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International relations

Moon faces dilemma over Pyongyang invitation

Glimpse of hope as Pence softens tone about talks with Kim regime

South Korean President Moon Jae-in shakes hands with Kim Yo Jong, sister of North Korea's leader Kim Jong Un, in Seoul on Feb. 10.   © Reuters

SEOUL -- President Moon Jae-in is facing a dilemma over whether to accept North Korean leader Kim Jong Un's invitation to Pyongyang because he needs the blessing of the U.S. that wants to apply "maximum pressure" on the isolated state.

Kim's younger sister Yo Jong officially invited Moon to Pyongyang to meet her brother in the near future, during their lunch meeting at the Blue House on Saturday. Kim Yo Jong had visited South Korea over the weekend as part of the country's high-ranking delegation to the Pyeongchang Winter Olympic Games.

Moon tried to keep both sides happy by hedging his position with this reply: "Let us create the right environment for that [the visit] to happen," said Moon. It is understood that he was referring to the improvement in the relationship between the U.S. and North Korea.

"Early resumption of dialogue between the U.S. and North Korea is absolutely necessary for developments in inter-Korean relations as well," said Moon, urging the North to more actively engage in dialogue with the U.S., who was represented by Vice President Mike Pence at the Games.

Experts say that the inter-Korea summit could be a poisoned chalice for Moon. The best-case scenario is that it leads to denuclearization but it could also worsen bilateral relations between Seoul and Washington. Notably, Pence refused to acknowledge the presence of the North Korean delegation, a reflection of the hard stance the U.S. was taking against Pyongyang.

"President Moon knows this very well," said Park Won-kon, a professor of international relations at Handong Global University in Pohang. "That's why he replied in the way he did."

Park said that two scenarios could play out over the summit. "The first is that North Korea takes aggressive action on denuclearization. That may lead to the summit naturally. Or we think denuclearization could be on the agenda of the summit."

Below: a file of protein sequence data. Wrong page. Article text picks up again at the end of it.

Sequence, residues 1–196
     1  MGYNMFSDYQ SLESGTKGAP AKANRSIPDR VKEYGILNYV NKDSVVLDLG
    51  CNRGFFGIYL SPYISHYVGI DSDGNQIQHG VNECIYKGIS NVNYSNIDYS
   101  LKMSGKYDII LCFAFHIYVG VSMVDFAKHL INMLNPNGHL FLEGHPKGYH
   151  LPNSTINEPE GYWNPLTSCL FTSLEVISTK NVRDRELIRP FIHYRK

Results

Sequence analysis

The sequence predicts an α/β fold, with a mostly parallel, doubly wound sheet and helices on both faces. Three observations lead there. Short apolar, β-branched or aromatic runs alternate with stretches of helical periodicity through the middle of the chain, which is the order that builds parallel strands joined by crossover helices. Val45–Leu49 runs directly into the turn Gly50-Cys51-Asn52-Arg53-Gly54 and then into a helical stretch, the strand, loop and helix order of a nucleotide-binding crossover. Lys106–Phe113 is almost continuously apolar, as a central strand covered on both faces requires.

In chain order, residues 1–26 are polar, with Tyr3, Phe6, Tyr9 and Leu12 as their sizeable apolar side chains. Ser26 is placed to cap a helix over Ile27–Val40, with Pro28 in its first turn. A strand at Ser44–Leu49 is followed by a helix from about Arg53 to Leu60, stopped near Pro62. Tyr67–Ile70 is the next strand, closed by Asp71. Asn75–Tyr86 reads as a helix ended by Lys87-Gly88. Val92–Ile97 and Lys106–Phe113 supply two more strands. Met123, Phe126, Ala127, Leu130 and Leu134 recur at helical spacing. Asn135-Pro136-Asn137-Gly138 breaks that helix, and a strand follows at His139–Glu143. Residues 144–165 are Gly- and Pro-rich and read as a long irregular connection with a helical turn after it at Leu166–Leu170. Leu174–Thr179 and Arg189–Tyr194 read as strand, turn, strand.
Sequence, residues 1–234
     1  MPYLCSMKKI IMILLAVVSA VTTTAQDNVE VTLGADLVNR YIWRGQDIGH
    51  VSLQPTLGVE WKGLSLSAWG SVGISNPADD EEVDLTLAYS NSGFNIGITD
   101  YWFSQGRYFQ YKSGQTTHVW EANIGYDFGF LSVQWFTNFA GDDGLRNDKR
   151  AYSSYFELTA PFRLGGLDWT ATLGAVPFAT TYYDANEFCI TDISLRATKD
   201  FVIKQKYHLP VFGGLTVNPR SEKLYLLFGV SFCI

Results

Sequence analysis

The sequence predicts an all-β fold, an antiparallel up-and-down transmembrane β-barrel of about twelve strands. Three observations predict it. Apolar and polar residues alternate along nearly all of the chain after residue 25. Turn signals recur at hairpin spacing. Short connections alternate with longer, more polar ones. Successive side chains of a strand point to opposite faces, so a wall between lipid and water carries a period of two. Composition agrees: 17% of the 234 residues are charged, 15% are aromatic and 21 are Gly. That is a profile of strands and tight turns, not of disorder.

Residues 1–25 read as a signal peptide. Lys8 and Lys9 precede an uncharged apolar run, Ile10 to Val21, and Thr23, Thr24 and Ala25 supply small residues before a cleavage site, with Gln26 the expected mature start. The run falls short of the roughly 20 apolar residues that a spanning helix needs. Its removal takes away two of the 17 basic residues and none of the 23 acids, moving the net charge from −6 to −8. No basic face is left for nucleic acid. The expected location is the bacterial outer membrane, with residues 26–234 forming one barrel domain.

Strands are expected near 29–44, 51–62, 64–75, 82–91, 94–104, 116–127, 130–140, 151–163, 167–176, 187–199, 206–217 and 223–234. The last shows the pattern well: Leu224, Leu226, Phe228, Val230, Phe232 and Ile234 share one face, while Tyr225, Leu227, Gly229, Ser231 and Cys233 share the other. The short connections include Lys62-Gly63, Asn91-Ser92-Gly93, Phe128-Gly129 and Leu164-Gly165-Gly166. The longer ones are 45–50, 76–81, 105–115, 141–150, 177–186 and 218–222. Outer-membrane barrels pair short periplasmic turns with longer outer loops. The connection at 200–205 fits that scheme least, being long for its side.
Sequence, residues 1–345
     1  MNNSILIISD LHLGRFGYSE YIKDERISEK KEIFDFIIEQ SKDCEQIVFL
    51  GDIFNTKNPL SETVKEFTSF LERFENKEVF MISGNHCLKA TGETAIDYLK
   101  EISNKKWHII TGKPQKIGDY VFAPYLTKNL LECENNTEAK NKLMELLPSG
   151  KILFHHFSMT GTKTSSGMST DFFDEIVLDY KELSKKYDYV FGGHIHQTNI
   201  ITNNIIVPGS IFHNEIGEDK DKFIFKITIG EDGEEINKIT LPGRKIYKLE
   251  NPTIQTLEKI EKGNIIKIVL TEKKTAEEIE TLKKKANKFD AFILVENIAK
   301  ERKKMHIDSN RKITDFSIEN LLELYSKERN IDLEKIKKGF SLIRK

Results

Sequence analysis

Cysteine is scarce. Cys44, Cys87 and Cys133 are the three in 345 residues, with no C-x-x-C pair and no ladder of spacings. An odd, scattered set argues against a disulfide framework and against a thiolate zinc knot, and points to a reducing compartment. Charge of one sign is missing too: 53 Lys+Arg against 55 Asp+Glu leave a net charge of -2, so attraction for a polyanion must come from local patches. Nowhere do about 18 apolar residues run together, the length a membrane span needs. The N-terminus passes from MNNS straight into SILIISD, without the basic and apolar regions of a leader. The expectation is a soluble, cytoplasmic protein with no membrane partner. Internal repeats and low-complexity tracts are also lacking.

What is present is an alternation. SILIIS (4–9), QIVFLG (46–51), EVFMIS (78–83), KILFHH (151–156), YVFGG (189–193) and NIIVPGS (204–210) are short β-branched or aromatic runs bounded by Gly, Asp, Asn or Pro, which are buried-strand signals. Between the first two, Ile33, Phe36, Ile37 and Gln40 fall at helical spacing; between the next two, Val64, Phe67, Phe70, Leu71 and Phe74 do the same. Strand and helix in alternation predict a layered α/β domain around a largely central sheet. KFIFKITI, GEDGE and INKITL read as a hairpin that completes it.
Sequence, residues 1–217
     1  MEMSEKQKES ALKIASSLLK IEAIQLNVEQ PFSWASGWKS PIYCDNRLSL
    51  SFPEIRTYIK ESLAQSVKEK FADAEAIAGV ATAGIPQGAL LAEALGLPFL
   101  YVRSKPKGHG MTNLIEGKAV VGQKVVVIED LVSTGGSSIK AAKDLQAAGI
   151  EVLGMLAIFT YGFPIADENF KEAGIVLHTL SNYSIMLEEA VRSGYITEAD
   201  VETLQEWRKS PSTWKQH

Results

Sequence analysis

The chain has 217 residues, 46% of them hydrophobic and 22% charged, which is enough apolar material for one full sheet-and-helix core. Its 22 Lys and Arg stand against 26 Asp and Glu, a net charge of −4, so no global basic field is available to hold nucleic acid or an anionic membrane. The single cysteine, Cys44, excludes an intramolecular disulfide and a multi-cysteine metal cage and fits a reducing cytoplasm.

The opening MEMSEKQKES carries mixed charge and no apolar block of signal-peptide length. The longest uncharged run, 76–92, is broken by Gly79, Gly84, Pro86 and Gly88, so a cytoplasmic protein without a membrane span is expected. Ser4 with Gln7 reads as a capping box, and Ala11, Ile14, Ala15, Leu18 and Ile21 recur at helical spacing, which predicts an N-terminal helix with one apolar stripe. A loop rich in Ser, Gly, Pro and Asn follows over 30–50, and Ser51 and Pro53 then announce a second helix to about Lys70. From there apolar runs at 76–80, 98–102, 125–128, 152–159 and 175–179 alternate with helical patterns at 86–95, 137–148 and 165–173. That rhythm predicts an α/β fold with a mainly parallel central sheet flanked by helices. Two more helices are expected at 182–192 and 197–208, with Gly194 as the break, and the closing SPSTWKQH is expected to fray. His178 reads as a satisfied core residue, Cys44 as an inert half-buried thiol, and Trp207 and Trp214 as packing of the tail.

The Unification Ministry said that both scenarios were likely. It said that it was aiming to initiate talks between Washington and Pyongyang through improvements in North-South relations.

"The South-North relations cannot be improved only by the two sides. I think all of us know about this very well," said Baik Tae-hyun, spokesperson for the ministry in charge of affairs between the two countries. "So we are making efforts in various aspects to create a virtuous cycle which comes from improvements in South-North relations to advances in the North Korean nuclear issue."

The U.S. did not issue any official statement on the invitation, but the Washington Post quoted Pence on his way home from the visit over the weekend that Washington was open to initial talks with North Korea.

"The point is, no pressure comes off until they are actually doing something that the alliance believes represents a meaningful step toward denuclearization," Pence said, according to the Post. "So the maximum pressure campaign is going to continue and intensify. But if you want to talk, we'll talk."

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